Digital terrestrial television has the lowest Total Cost of Ownership per household, while Web-TV and IPTV have the highest supplier value, according to Arthur D. Little in its new report.
In the TV platforms in Germany – 2014 and beyond report, Arthur D. Little analyses current technological, market and regulatory trends in the German TV market and how they could impact the future German TV landscape. The report provides insights into the overall competitiveness of the various TV platforms in Germany with a Total Cost of Ownership (TCO) analysis.
“One of the key developments in the German market is the move toward paid HD access,” said Lars Riegel, manager at Arthur D. Little’s TIME and Strategy & Organization practices. “This will have a significant impact on the competitiveness of infrastructure operators.”
The RTL and ProSiebenSat.1 broadcasting groups are already focusing on paid HD access, and Astra has taken the first step in this direction with HD+.
In addition, current policy discussions might have an important impact on DTT. Web-TV is currently being subsidized by telecom network operators, which cover approximately 41 percent of Web-TV’s Total Cost of Ownership. Telecom network operators are pushing to get a revenue share from this business which in turn, raises questions of net neutrality. “Web-TV should not be considered as a viable distribution channel for TV content as business models currently do not enable fair reimbursement for the use of network infrastructures,” adds Mr. Riegel.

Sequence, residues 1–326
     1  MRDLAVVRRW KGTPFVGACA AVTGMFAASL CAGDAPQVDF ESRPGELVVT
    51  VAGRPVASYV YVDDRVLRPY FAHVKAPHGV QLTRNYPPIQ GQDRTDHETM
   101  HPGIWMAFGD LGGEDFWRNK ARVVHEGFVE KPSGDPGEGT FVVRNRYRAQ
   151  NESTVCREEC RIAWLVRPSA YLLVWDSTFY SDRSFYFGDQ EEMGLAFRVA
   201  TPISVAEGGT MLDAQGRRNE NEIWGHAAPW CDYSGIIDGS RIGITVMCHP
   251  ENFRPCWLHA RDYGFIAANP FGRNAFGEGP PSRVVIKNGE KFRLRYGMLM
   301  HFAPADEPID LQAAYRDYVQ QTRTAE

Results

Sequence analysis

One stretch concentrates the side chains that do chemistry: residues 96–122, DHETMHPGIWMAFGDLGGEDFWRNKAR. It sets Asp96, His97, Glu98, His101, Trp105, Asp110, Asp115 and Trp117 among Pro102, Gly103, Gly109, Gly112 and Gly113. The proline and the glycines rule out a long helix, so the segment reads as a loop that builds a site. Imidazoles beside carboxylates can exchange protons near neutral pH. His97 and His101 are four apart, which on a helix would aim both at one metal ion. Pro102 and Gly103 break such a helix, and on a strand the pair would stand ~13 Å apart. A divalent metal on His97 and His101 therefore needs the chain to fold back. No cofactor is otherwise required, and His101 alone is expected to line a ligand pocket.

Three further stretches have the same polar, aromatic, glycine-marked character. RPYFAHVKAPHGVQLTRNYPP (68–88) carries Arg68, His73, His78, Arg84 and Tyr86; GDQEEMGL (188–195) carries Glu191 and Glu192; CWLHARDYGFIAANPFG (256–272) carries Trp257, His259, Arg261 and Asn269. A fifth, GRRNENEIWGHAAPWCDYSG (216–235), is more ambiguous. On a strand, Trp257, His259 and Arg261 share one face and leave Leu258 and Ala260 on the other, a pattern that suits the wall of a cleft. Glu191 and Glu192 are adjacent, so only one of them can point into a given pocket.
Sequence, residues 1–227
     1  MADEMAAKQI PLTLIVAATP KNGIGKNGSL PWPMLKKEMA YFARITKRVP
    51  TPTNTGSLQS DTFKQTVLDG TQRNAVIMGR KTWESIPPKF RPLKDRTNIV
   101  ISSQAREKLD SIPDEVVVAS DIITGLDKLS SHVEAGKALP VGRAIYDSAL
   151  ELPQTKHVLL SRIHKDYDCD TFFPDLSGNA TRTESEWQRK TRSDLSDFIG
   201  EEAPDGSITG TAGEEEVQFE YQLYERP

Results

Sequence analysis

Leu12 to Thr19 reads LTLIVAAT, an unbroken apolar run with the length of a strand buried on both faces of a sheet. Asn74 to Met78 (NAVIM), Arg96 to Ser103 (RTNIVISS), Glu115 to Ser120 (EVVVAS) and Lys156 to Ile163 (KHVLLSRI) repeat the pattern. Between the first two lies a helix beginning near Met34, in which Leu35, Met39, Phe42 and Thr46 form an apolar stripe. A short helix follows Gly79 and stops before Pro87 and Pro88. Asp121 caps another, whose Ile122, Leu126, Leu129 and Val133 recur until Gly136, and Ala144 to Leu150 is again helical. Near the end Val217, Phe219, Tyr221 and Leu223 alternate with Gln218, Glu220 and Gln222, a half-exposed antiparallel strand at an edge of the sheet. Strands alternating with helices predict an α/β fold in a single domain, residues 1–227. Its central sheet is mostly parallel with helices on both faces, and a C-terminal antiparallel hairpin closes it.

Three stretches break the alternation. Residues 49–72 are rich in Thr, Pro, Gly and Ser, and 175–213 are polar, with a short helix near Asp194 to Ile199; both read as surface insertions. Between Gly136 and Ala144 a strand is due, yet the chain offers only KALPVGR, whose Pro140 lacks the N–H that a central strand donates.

DTT has the lowest TCO per household (EUR20) and is 1.6 to 8.3 times more cost efficient than competing platforms. Given current political discussions, it is worth noting that the hypothetical cost of migration of all DTT households to alternative platforms would be significant – resulting in one-off costs of EUR 984 million and periodic annual costs of EUR 423 million, a majority of which would be paid by the consumer.
“The German TV market is well developed, intensely competitive and set to become even more dynamic as a result of technology, market and regulatory trends. Global players and investors should look to Germany to find parallels in their own markets,” concluded Riegel.
The English language report can be downloaded for free from the Arthur D. Little website.